NEW DELHI — When a television journalist asked Smriti Irani what qualities Prime Minister Narendra Modi saw in her to give her the education portfolio, she chose not to answer. Instead, she turned to the studio audience and repeated his question. It was enough to enrage them.
Shouting “Shame, shame,” audience members jumped over chairs to reach the platform and nearly assaulted the journalist. Irani then got up and rescued him from the mob’s fury.
Irani, 40, the powerful minister for human-resource development overseeing education, is the queen of controversies. The TV soap star turned politician is always in the headlines for her sharp tongue and histrionics, but she has also come under criticism as having dodgy educational qualifications and for allegedly undermining university professors.
Irani, one of Modi’s favorite ministers, is accused of Hindu-izing India’s secular but troubled education system, which is dogged by high dropout rates and universities that churn out graduates but arguably fail to prepare most of the country’s young for jobs in the rapidly growing economy. She is now writing India’s new education policy, a process that has not been taken place in three decades.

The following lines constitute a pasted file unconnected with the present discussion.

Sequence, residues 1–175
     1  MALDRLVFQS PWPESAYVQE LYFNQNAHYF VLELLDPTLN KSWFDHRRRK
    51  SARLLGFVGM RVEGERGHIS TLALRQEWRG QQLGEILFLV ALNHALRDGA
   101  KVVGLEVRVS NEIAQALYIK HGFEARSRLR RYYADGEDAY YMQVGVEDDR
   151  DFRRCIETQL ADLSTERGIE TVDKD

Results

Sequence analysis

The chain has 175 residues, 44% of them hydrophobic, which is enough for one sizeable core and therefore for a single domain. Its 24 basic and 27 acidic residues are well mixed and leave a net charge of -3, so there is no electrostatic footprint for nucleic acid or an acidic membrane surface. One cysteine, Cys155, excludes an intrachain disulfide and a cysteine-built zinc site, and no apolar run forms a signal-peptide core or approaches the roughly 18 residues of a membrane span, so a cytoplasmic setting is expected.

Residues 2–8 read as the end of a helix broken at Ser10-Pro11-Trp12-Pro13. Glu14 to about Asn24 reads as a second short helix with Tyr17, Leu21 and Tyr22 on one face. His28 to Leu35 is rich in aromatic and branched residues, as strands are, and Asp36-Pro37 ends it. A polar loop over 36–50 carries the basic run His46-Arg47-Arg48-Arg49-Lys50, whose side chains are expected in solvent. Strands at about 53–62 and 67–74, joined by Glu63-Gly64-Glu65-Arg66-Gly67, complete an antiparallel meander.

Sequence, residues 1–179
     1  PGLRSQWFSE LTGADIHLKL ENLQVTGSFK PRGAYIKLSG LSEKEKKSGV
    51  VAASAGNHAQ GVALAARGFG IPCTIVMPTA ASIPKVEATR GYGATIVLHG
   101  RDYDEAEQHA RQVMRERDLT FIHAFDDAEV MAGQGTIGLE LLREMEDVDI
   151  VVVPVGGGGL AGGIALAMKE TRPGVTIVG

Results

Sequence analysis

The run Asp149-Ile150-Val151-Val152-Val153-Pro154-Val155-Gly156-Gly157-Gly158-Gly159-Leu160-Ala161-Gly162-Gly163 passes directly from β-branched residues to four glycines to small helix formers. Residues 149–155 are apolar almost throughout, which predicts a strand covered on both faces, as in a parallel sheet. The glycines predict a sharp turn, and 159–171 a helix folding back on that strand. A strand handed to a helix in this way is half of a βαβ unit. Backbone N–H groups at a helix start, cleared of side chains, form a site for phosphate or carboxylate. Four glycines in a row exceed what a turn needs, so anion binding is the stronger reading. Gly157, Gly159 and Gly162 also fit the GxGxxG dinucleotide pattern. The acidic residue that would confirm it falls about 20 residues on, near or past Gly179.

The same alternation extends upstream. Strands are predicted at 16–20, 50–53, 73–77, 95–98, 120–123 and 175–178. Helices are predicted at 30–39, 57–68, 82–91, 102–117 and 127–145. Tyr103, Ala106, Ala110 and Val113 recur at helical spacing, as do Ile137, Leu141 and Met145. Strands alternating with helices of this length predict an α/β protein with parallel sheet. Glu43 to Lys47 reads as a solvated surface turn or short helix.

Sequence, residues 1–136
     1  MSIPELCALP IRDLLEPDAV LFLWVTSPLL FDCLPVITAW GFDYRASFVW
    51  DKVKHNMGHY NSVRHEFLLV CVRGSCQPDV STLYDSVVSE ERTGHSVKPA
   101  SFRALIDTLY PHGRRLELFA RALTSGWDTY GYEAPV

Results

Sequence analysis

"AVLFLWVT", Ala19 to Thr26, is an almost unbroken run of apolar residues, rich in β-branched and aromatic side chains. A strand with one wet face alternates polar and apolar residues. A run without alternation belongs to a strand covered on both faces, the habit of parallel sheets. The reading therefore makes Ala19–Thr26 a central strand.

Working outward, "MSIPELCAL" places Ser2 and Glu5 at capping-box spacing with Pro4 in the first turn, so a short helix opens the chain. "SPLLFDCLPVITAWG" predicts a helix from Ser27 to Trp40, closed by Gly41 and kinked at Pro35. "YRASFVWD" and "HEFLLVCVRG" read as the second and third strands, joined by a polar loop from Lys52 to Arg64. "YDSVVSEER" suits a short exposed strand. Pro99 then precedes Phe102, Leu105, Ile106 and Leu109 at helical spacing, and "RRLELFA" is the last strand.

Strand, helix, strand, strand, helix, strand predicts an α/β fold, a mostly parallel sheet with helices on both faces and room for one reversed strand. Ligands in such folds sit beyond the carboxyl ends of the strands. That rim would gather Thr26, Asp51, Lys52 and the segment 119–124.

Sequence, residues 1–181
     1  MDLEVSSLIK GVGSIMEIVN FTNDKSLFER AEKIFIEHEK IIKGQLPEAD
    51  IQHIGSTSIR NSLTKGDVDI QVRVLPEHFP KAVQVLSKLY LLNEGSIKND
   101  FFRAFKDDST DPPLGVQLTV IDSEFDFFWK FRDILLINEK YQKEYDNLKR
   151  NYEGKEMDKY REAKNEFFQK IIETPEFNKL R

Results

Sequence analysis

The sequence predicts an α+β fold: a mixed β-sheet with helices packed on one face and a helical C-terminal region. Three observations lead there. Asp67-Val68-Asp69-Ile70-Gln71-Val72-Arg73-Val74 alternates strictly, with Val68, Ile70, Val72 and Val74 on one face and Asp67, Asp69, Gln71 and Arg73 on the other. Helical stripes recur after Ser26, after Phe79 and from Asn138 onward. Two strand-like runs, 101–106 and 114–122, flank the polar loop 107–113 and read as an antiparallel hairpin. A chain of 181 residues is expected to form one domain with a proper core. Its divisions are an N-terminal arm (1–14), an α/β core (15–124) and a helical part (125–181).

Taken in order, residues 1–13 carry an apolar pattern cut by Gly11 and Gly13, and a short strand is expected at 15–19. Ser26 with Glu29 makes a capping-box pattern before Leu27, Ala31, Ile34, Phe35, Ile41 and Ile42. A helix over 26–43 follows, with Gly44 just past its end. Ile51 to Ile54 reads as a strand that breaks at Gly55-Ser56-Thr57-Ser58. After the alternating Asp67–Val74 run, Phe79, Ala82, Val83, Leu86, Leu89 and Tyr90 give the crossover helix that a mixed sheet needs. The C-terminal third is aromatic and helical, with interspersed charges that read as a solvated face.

At a meeting with 42 heads of universities in February outside New Delhi, Irani reportedly told them to come out of their “comfortable cocoons.” She also scolded two for dozing and threw out a professor who tried to take her photograph.
“She has proved disastrous as education minister, a dangerous combination of arrogance and ignorance,” said Ramachandra Guha, a political historian. “She has further undermined the already-fragile autonomy that our best universities had. Her contempt for scholars and scientists is in line with the overall anti-intellectual theme of this government.”
Irani’s office did not respond to a request from The Washington Post for an interview.